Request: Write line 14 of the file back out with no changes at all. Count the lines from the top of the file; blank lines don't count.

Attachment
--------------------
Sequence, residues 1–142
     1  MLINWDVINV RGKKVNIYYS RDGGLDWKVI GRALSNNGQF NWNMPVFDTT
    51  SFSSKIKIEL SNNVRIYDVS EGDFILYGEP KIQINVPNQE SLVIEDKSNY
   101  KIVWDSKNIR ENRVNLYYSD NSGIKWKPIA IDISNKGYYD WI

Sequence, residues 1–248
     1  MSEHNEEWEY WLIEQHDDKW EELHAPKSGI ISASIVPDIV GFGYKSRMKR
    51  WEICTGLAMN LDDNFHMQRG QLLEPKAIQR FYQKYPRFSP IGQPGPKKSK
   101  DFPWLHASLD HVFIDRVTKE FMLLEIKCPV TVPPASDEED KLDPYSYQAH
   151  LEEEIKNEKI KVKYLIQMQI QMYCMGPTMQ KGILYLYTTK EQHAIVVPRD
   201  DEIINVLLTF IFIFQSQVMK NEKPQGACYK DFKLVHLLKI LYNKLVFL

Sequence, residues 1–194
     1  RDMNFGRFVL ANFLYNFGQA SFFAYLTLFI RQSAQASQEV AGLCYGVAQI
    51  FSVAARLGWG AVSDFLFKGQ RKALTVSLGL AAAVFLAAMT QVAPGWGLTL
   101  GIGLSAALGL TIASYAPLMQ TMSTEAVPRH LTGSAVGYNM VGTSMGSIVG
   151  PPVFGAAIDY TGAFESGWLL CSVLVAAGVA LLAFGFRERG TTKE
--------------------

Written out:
   101  GIGLSAALGL TIASYAPLMQ TMSTEAVPRH LTGSAVGYNM VGTSMGSIVG